Due people see that people buy iphones for 1) Cell Phone 2) iPod features 3) WEB access 4) email lastly!

Apple stock to $500+ see this link

http://web.me.com/filmflamtv/Site/Deep_%28Market%29_Thoughts/Entries/2008/5/4_The_AAPL_Manifesto_page_2.html

Nick

August 18, 2008 11:59 AM

I read the article and I see a lot of "he believes" and "it's unclear". It's a bit hard to take your source seriously when half of what he says seems to be his own speculation. Engadget it quoting this report an indicating that the Dream will NOT support Microsoft Exchange, which is not even stated in here. http://htcsource.com has a good roundup of recent android news from this weekend, seems like they have been doing their homework a bit better.

Dar

August 18, 2008 5:00 PM

Quote: Moe Tanabian, senior principal at IBB Consulting who has seen the device
then
Quote: The Android phone’s screen will be larger than the iPhone’s, he believes.

Believes? He either saw the device or did not. I get very suspicious about a source who has seen the physical device but only believes it is larger than the iPhone.

I have a plan: I'll just wait and see what it looks like when it is released....

David

August 18, 2008 5:14 PM

Google is going into mobile for one reason--more ad revenue--and they can't run ads into Exchange. This phone is not for the Enterprise, at least not yet, but don't worry, they'll be others--lots of them. Plus, someone may develop an exchange client for the T-Mobile app store.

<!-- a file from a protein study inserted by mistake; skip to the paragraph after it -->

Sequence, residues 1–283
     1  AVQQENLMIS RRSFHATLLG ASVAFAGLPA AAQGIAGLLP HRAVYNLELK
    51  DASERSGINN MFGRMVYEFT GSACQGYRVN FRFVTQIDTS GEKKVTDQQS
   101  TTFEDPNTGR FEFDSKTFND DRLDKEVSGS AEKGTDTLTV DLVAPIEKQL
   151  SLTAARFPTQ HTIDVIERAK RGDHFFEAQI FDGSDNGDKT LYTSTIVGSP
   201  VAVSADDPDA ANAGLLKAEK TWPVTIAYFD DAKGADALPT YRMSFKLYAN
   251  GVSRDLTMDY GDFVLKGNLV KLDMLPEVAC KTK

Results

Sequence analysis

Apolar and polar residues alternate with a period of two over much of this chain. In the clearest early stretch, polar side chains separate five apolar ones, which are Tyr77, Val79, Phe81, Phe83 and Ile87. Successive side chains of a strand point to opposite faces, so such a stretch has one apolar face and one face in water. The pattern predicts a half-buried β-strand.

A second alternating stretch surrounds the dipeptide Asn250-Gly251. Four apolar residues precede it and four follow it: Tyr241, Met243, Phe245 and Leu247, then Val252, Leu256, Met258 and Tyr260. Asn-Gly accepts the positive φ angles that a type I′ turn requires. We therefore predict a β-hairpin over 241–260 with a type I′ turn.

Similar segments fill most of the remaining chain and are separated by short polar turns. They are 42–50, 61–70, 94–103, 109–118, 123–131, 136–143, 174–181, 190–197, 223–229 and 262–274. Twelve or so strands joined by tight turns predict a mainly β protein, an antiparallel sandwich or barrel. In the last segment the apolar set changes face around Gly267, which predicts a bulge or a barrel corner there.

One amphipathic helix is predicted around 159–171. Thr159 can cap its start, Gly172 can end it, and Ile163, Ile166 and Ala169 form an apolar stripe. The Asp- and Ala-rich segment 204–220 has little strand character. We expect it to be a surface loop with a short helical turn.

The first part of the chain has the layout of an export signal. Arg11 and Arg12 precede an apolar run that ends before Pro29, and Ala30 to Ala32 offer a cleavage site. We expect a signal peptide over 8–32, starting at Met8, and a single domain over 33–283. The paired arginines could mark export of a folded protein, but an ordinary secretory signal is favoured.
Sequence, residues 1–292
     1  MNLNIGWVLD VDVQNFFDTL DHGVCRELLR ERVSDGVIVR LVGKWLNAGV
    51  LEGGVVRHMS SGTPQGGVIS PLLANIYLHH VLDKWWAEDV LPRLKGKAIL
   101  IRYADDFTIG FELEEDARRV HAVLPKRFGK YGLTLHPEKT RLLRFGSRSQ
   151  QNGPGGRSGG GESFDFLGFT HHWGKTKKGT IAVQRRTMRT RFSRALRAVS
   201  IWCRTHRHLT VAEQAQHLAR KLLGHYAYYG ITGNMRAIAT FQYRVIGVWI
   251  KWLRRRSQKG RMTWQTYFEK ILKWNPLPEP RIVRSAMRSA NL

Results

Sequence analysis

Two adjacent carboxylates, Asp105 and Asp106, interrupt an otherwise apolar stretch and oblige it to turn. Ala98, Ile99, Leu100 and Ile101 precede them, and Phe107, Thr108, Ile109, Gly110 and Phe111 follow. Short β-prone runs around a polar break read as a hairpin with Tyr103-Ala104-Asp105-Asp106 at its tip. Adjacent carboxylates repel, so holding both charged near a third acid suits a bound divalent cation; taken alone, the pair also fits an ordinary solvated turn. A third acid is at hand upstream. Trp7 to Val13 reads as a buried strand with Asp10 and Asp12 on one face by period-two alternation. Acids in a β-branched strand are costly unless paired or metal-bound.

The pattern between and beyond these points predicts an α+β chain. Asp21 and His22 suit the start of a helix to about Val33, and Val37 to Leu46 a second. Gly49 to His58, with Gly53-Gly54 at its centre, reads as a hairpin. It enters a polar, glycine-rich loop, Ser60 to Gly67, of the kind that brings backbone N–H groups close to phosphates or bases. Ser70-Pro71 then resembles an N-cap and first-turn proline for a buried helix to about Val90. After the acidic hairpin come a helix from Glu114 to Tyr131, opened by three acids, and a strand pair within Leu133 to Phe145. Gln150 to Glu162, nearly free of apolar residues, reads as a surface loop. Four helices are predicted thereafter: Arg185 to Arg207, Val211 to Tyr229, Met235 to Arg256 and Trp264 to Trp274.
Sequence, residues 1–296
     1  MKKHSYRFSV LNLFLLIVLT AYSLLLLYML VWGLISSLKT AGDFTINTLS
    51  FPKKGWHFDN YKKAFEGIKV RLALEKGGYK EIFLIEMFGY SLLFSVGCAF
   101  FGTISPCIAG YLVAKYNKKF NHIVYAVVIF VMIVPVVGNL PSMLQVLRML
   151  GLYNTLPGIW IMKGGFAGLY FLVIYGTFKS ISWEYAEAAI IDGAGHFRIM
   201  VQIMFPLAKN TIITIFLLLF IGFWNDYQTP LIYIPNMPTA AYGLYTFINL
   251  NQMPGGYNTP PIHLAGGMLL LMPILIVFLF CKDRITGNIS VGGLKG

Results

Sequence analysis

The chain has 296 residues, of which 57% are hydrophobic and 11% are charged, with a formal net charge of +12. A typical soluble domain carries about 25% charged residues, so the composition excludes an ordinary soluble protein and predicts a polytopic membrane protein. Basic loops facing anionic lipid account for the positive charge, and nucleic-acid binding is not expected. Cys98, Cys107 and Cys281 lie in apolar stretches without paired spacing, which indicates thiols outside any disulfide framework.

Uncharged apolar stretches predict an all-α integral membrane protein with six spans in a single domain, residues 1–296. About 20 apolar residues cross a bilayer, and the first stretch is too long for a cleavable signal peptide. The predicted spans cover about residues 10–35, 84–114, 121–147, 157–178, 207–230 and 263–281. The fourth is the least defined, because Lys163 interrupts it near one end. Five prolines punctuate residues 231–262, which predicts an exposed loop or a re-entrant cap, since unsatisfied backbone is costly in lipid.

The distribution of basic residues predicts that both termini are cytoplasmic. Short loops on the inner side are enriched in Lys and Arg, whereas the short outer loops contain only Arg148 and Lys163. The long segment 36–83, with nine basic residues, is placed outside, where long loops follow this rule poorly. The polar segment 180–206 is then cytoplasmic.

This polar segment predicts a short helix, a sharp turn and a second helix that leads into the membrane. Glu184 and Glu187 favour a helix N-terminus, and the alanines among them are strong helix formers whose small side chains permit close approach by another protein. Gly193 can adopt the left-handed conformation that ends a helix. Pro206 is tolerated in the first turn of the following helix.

ms

August 19, 2008 5:21 AM

Good to hear the "app store" will be open. We'll see how popular it is. I'm pretty exciting, being an existing customer at t-mobile and ready to upgrade my razr.

This article is nearly useless without a picture. Geez.

Sudheesh Bhaskaran

August 19, 2008 5:27 AM

How will be the new is going to fare is the big question. Google is a new entrant in the gadget market and how well they can fare on user friendliness and features is a big question. There is no doubt google is much better placed to market a product like this.
It is funny and disappointing that everybody try to emulate Iphone. Google will have a tough time to be a good competitor to Apple.
Gphone will be at great disadvantage if they limitpush mail to gmail only.
Iam also apprehensive about google advertisement programme also
Did google announce the lauching date???

Simos

August 19, 2008 6:16 AM

Wow! That was interesting! I don't believe it's an iPhone killer with what I read.

I don't want Google control even in my mobile and I definitely don't want ads all around. I watch too much of them in my TV, radio, sites, blogs etc.

JIm McDish

August 19, 2008 9:55 AM

Wow, whats coming next? GoogleMart? Im telling you now one day Google will rule the world.

RD
http://www.useurl.us/12u

myspunweb

August 19, 2008 10:15 AM

wow im digging it...looks better than the Iphone

whocares

August 20, 2008 10:39 AM

Blahbippity Blah Blah blah blah blah blahblah blah. Blah Blahblah blah. No one reads this crap.

iDo

August 25, 2008 4:19 AM

yes, I do

androidd

October 18, 2008 3:44 PM

what are the disadvantages of buying google android from U.S if someone is living in india

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Bloomberg Businessweek writers Peter Burrows, Cliff Edwards, Olga Kharif, Aaron Ricadela, and Douglas MacMillan, dig behind the headlines to analyze what’s really happening throughout the world of technology. Tech Beat covers everything from tech bellwethers like Apple, Google, and Intel and emerging new leaders such as Facebook to new technologies, trends, and controversies.